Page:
The head of cabinet added that it is Necessary to instigate a period of reflection on how the EU should position itself on this issue and to make an effort to go beyond the argument that growth in the digital economy is only possible with adequate protection of intellectual property . The Secretary General of the Commission closed the discussion by saying the Commission would return to the dossier in due course, after a “period of reflection thorough.”

Viviane Reding, Vice-President of the European Commission and EU Commissioner for Justice, Fundamental Rights and Citizenship, is also backing a review of ACTA before it proceeds any further.

she states “for me, blocking the Internet is never an option” and goes onto argue the current  situation “can and must not be changed by the ACTA agreement”.

“I therefore welcome the intention of several members of the European Parliament to ask the European Court of Justice for a legal opinion to clarify that the ACTA agreement cannot limit freedom of expression and freedom of the Internet.”

If these lawmakers had not taken it upon themselves to vote for such agreements in secret, actually read the documents they were voting on, and considered the people they are supposed to represent, we would be having riots and demonstrations and ACTA would either never have been signed or a different version would have emerged. Now, there is a mess that needs to be cleaned up and those who were supposed to uphold the law are scrambling to figure out what they should do.

Mitchell Baker, the Chair of the Mozilla Foundation, has come out strongly against ACTA as well.

One aspect of the controversy about ACTA is the closed process where only a tiny subset of people affected by the law were allowed to participate. Another great controversy is about the actual content of ACTA. We know that the goal of stopping unauthorized access to digital content can lead to very dangerous results. The proposed SOPA and PIPA legislation in the U.S made this abundantly clear. This is an area where even good intentions can lead to imbalanced and dangerous results.

More people are learning about ACTA. If they can put the pressure on like they did with SOPA/PIPA, there’s a very real chance that ACTA will never be ratified or enacted. The pressure just needs to be applied continually until June when the EU Parliament decide the matter.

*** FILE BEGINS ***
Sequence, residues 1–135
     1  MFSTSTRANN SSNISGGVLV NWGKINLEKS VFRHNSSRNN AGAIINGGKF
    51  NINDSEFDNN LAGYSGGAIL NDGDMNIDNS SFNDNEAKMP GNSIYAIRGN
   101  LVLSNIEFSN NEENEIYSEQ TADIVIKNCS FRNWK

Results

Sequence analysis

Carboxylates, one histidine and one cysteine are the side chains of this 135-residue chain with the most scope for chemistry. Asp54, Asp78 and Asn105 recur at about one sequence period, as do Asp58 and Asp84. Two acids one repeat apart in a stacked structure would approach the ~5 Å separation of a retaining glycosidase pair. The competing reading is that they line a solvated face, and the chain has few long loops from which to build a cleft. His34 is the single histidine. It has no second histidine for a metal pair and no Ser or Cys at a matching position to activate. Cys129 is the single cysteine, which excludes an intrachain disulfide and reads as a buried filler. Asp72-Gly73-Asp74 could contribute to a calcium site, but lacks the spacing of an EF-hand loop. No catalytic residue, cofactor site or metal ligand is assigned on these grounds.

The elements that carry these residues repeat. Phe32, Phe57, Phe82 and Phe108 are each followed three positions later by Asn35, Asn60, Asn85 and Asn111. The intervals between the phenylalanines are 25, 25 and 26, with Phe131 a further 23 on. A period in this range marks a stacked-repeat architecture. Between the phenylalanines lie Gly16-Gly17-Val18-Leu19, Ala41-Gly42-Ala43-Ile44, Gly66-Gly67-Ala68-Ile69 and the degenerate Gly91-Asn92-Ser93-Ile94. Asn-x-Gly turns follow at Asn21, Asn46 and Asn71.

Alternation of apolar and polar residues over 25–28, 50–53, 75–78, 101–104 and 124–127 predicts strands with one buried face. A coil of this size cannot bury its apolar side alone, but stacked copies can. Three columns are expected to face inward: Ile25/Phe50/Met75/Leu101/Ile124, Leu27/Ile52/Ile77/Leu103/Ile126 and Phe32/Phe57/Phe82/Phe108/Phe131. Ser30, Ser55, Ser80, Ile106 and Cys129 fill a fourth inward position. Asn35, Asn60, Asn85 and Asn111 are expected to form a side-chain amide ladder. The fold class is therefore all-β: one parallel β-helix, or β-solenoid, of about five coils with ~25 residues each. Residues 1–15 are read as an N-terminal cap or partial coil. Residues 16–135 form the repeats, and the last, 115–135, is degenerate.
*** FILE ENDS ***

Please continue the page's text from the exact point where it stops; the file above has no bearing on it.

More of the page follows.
Photo from Heute.at.

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In the past few days, Germany, Latvia, and Lithuania have joined other European countries in halting the controversial ACTA treaty. The Economist and the Financial times are now saying that ACTA is as good as dead.

Germany has announce that it is holding off on signing ACTA until the EU Parliament has decided on ACTA. Some believe it’s just a ploy by Germany to appease protesters and that, once the protests die down, they will sign it.

Latvia’s Economy Minister, Daniels Pavluts, has said he will stop ratification of ACTA.

Pavļuts is set to ask the Ombudsman as well as other concerned ministries to provide a detailed explanation and analysis of the ACTA and its potential impact on the Latvian legislative framework for intellectual property rights, copyright law, human rights and fundamental freedoms.

“Despite the fact that the ACTA agreement took several years to be developed, still a number of community groups have raised concern, reflecting the public distrust in the state power and its organs. Such an attitude towards the government has developed in the recent years, because of the lack of a genuine dialogue between the power and the society. Restoring this confidence is a new task for the government,” Pavluts says.

Lithuania’s Minister of Justice, Remigijus Simasius, has also condemned ACTA as unnecessary.

The essence of my comment was that certain provisions of ACTA are new to our legal system (more severe punishment, more control of internet providing services) and I do not see why those provisions are necessary.

I have also stated that our life is more and more dependent on R&D, new inventions, creativity. Existing IP protection system, however, is more about protecting the IP protection industry than a protection of inventors and authors. Current debate worldwide is a clear sign that we have to re-evaluate the existing IP rights system.

While some are saying that there will be no ACTA, there is still a chance that the European parliament will pass ACTA, forcing countries who don’t want the treaty to be bound by it. It all comes down to how the different countries interpret the Lisbon Treaty [pdf]and whether or not they think they need to follow it.

The European Union should also take note that most of the countries that are questioning ACTA are Eastern European countries who know how agreements such as ACTA can play out. They also don’t have very close ties to the United States, who are pushing hard for ACTA worldwide.

The protest map for today may be an indication of why so many politicians are finally taking a serious look at what ACTA is and what it can do.

Photo from Reuters.